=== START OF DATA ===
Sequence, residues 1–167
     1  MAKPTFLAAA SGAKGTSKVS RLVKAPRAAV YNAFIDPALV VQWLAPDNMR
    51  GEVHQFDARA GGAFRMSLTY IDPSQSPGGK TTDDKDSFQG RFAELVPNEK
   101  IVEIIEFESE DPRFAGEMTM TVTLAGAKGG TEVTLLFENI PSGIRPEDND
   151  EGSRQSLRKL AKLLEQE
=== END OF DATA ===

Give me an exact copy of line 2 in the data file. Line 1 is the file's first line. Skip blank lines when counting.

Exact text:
     1  MAKPTFLAAA SGAKGTSKVS RLVKAPRAAV YNAFIDPALV VQWLAPDNMR